Biological sciences professor receives NSF grant to study behavioral and physiological reactions to climate fluctuations

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An icon graphic representing Research in Action, from the Beyond Boundries Strategic PlanDr. Chelsea Cook, assistant professor of biological sciences in the Klingler College of Arts and Sciences, has received a $754,826 grant from the National Science Foundation to study the behavioral and physiological response of animals to manage daily and seasonal environmental fluctuations such as temperature changes.

Her project “Balancing Social and Ecological Information to Collectively Manage Dynamic Environments” will identify the mechanisms that honeybees use to sense environmental fluctuations, how their brains change in response to this information, how they communicate this information, and how entire colonies regulate temperature when information changes.

“Animals, whether behaviorally or physiologically, manage daily and seasonal environmental fluctuations, such as temperature changes, by using receptors on their bodies. For social animals, individuals often work together in a group to manage these fluctuations much more effectively, such as through huddling, yet little is known exactly how animals accomplish this,” Cook said. “This research will provide critical knowledge about how complex animal systems manage dynamic environments, identify gene and sensory pathways that mediate effective responses, and generate hypotheses about how animal groups may manage global climate change.”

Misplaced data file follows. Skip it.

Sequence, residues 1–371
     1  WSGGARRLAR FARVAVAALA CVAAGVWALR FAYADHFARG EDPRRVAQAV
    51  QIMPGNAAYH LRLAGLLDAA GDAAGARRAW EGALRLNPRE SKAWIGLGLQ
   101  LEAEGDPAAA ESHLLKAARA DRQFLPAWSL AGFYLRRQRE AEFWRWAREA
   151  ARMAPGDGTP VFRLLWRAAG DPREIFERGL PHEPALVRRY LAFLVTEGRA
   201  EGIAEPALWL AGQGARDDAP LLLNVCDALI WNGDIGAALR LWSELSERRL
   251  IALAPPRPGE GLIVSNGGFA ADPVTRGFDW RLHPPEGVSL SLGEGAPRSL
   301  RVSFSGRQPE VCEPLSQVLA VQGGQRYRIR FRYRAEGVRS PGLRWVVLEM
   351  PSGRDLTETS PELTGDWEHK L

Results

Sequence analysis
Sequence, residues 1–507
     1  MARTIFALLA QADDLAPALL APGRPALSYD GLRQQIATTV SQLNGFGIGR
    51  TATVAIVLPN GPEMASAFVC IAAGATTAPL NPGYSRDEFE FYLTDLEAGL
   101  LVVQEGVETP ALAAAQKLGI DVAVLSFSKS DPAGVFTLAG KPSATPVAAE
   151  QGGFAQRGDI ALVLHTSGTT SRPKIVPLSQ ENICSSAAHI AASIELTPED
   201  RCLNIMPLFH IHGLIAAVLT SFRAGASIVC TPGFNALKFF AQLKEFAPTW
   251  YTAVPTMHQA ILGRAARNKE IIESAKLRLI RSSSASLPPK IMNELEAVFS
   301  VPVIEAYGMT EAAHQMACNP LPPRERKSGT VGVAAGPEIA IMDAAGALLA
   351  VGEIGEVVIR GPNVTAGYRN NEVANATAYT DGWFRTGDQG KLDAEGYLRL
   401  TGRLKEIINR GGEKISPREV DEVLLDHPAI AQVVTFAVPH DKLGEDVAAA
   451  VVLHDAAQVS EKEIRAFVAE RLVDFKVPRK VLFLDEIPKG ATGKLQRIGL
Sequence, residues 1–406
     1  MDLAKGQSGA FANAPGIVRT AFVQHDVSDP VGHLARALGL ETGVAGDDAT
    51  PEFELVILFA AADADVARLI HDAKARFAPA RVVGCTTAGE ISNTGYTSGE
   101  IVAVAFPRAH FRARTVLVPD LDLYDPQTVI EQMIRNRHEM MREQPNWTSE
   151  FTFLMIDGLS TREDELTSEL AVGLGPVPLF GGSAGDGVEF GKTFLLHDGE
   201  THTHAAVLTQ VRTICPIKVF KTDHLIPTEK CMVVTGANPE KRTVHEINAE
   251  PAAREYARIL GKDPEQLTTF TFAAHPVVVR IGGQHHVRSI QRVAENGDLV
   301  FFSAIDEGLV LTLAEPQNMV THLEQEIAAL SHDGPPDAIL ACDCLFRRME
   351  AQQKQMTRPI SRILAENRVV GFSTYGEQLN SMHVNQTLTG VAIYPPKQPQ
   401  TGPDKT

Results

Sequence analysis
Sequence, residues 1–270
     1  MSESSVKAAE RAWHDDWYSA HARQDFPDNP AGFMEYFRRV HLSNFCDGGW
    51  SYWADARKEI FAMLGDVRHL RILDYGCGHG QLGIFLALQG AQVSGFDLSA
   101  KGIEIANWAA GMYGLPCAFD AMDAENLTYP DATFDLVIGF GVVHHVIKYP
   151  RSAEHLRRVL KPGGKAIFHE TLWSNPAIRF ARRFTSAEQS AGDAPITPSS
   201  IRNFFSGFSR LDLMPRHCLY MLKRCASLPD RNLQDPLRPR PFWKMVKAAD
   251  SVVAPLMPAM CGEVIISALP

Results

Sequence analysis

Cook’s research team will look at honeybees, which must maintain 34°C/93°F in their colony, or risk death of their developing brood. In the summer, honeybees engage in a cooling behavior called “fanning,” where they fan their wings to circulate air to cool the colony. Fanner honeybees utilize both information from their nestmates and information from their ecological environment to collectively thermoregulate.

The fanning response shifts when the social and thermal information changes. Isolated individuals rarely fan, while groups of 10 bees are more likely to fan and fan closer to ideal colony temperatures. The ways in which individuals or groups perceive, integrate or communicate about these changes to behave collectively is unknown. The aims of this project are to study the behaviors on a social, genetic and cellular level, while evaluating colony-level fanning response in a changing environment.

“This grant is a well-deserved honor and an exciting opportunity for Dr. Cook, and we are thrilled for her and the other members of her lab,” said Dr. Heidi Bostic, dean of the Klingler College of Arts and Sciences. “Her research will transform understanding of how organisms collectively manage the dynamic environment around them. This project will also benefit the community through extensive outreach that is an excellent testament to Marquette’s values.”

The project will engage several stakeholders in the community with ambitious initiatives to develop a local prison beekeeping program and provide tangible workforce skills for inmates; introduce underrepresented middle school students and parents to STEM research; and engagement with local beekeeping and ecology organizations. At Marquette, undergraduate, graduate and postdoctoral scientists will be trained and supported in cutting-edge research and outreach techniques.